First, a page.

Antiplatelet therapy with P2Y12-receptor inhibitors has become the cornerstone of medical treatment in patients with acute coronary syndrome treated with percutaneous coronary intervention (PCI). With over 100 million prescriptions filled since its approval, clopidogrel is the most widely used P2Y12-receptor inhibitor. Dual antiplatelet therapy with clopidogrel plus aspirin has been associated with a lower rate of major cardiovascular events in patients after PCI than aspirin monotherapy. However, an alarmingly high number of clopidogrel-treated patients experience adverse thrombotic events. Insufficient P2Y12-inhibition or high on-treatment platelet reactivity to adenosine diphosphate has stimulated the increased use of more potent P2Y12 inhibitors: prasugrel (a third generation thienopyridine) and ticagrelor (a cyclopentyl-triazolo-pyrimidine). However, more potent platelet inhibition and low on-treatment platelet reactivity has resulted in increased major bleeding and higher costs. These limitations have suggested the need for an individualized antiplatelet approach in order to decrease thrombotic events and minimize bleeding. This model of personalized medicine integrates a patient's demographic and biological data (pharmacodynamic, genomic, epigenomic, transcriptomic, and metabolic information) to target therapy in order to maximize efficacy while minimizing bleeding and costs. This review discusses the role of diagnostic tools such as platelet function and pharmacogenomic testing to personalize antiplatelet therapy.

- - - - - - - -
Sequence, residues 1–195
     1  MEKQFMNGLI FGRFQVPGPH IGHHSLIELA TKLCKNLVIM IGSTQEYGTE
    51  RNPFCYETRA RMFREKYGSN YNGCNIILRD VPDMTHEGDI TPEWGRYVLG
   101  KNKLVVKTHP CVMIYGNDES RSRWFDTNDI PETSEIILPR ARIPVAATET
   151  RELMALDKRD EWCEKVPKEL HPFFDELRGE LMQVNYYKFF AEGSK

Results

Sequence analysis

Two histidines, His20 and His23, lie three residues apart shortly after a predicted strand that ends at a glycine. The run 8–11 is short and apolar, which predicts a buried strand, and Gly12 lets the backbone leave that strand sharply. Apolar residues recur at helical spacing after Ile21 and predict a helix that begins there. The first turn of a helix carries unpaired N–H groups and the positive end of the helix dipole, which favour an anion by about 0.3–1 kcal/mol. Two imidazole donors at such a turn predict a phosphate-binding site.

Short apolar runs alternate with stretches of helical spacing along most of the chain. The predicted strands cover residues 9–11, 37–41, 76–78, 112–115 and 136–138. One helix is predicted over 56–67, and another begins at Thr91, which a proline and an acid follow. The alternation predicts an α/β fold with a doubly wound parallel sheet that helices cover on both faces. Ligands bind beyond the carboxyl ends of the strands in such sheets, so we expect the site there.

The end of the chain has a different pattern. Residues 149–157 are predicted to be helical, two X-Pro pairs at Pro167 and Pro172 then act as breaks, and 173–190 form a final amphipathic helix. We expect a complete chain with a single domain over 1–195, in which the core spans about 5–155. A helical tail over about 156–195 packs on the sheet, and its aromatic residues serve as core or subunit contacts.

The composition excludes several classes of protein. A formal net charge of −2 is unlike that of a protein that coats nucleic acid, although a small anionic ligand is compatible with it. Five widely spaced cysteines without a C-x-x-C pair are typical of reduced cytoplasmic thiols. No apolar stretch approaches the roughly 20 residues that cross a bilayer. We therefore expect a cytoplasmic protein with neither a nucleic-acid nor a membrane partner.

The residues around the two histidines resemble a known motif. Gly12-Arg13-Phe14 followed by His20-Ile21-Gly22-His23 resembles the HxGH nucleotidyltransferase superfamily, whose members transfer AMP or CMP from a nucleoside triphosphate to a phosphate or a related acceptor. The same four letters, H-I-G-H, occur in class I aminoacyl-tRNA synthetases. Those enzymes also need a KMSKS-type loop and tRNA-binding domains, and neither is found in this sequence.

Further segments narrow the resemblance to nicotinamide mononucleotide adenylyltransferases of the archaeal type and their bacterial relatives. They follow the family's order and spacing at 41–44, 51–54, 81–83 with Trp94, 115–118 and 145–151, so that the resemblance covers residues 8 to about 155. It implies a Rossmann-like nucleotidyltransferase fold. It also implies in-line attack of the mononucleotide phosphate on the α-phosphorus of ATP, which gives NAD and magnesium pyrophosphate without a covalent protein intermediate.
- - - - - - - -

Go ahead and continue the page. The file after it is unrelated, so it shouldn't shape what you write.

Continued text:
|Number of pages||14|
|Journal||European Heart Journal - Cardiovascular Pharmacotherapy (EHJ-CVP)|
|Early online date||15 Feb 2017|
|Publication status||Published - 1 Oct 2017|
- Journal Article